Closed Seminar | When Ghalya would not take no for an answer

With Jihad Touma

You find yourself wondering what she sees that you don't, only to learn that she is keen on what you see. You tell her that you deal with visions that often point to darkness. You tell her about signs feeding into models arguing for signs, yet to be seen. You tell her that you are ultimately concerned with conditions for life and its disruptions. Hearing you, she is confirmed in her yes to your no, and insists on a yes in return. You reluctantly acquiesce knowing that something will surely come out of the encounter though, as often before, you can't be specific about what. She senses reticence, and promptly requests title and synopsis of intervention. You can only stall, as you ready yourself for the dive.

Jihad Touma is a Professor of Physics at the American University of Beirut. His work in Astrophysical Dynamics has brought to light: the chaotic rotation of Mars (with dramatic implications for the evolution of climate on the red planet); a mechanism driving large scale volcanism on Earth and Venus (touching on mass extinction on Earth, and resurfacing of Venus); the early resonant forcing of the lunar orbit (solving a then thirty year old puzzle); chaos in the orbital architecture of extrasolar planets; a process for the doubling of stellar black hole nuclei, and more recently, instabilities in multi-planet systems in binaries. With Hassan Al-Assaad, he co-founded EQLIM (, a data analytics startup harvesting geopolitical events with which to he hopes to revisit the "statistics of deadly quarrels"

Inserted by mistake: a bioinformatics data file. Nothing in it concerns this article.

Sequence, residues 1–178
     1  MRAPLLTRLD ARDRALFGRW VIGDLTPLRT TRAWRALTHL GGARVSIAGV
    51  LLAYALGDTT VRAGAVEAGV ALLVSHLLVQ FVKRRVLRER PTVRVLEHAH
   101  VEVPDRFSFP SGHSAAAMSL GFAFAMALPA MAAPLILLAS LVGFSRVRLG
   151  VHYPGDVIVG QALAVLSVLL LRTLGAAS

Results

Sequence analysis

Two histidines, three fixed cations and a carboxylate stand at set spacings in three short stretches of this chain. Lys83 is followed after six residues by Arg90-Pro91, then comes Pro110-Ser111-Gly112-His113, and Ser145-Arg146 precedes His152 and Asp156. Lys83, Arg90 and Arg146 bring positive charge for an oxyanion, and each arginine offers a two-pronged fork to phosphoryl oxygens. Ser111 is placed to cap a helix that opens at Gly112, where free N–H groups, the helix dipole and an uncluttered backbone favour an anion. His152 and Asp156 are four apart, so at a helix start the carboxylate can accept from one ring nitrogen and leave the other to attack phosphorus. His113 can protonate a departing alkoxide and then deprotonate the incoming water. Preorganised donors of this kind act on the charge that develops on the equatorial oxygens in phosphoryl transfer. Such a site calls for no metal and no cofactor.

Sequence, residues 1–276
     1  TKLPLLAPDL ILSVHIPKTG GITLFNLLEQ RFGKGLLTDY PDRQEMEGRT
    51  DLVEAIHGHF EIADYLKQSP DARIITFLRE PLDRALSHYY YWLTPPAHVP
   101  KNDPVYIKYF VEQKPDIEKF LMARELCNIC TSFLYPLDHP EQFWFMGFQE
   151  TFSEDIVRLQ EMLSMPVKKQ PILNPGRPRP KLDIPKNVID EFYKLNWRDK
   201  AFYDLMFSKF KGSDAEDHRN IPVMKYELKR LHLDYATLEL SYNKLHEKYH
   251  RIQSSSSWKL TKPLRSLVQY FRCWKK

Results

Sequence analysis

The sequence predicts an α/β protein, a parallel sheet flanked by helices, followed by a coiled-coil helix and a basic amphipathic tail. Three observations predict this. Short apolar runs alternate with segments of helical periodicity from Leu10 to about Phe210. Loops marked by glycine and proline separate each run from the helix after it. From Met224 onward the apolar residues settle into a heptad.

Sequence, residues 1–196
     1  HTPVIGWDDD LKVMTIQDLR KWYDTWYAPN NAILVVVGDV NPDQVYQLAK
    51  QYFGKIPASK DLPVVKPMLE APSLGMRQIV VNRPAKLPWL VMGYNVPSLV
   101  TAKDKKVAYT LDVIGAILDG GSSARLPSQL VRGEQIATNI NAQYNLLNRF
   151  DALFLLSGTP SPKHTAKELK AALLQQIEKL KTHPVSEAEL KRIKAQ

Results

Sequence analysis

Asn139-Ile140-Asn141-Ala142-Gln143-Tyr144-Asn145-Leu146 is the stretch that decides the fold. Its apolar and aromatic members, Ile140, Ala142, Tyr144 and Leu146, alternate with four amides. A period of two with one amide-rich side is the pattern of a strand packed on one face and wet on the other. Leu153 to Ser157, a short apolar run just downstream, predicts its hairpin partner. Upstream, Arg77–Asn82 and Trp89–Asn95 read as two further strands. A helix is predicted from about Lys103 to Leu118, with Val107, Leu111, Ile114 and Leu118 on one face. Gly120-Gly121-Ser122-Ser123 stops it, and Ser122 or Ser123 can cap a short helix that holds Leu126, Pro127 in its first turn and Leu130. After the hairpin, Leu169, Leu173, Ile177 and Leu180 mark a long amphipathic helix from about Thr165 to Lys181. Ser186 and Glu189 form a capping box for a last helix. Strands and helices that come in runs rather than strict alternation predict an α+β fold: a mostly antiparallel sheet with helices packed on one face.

Seminar | Split Screen with Keller Easterling

Open to registration | Wednesday, March 22nd | 2-6PM

This different habit of mind about design and politics might begin with one simple observation. Culture is very good at “knowing that”—pointing to things and calling their name, but not so good at describing the interactivity or chemistry between things or the repertoires they enact. Infrastructure space might be good to think with if one wants to think differently because it is too large to be in any one place. It cannot be assessed by its name, shape or outline but rather by what might be called its disposition—its latent properties that unfold over time and territory, its propensities within a context or the potentials in its arrangement. That disposition, that agency in arrangement, like an operating system or a growth medium, decides what will live or die. As if seeing in a split screen, detecting disposition comes with a capacity to see temperament even in the absence of event as well as a capacity to see discrepancy—the difference between what an organization is saying and what it is doing. Adjusting disposition benefits from an artistic curiosity about reagents and spatial mixtures or spatial wiring. Working with disposition allows one to wander out of familiar historical theaters and dominant cultural logics.

Public Talk | Extrastatecraft with Keller Easterling

Thursday, March 23rd | 8PM